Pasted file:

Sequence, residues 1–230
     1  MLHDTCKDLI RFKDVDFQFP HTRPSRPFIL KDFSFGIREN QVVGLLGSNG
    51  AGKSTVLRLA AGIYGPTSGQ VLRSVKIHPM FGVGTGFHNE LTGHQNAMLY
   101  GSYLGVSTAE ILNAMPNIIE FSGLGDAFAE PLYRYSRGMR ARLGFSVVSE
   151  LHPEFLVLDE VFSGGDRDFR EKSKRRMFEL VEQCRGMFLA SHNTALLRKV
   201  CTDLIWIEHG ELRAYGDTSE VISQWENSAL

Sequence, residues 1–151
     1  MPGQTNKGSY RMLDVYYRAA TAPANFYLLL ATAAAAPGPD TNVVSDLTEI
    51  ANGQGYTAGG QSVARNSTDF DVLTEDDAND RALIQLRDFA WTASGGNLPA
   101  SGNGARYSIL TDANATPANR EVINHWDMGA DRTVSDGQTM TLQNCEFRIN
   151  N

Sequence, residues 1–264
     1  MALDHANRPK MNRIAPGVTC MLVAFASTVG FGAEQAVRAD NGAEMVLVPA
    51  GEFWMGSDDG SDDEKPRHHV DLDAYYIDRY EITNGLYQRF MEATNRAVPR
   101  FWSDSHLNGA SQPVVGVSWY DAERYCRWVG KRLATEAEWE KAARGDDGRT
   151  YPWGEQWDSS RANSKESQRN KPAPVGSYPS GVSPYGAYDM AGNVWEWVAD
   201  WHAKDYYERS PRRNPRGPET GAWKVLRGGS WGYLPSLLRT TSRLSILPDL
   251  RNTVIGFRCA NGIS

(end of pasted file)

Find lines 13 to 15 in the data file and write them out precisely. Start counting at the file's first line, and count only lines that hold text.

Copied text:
     1  MALDHANRPK MNRIAPGVTC MLVAFASTVG FGAEQAVRAD NGAEMVLVPA
    51  GEFWMGSDDG SDDEKPRHHV DLDAYYIDRY EITNGLYQRF MEATNRAVPR
   101  FWSDSHLNGA SQPVVGVSWY DAERYCRWVG KRLATEAEWE KAARGDDGRT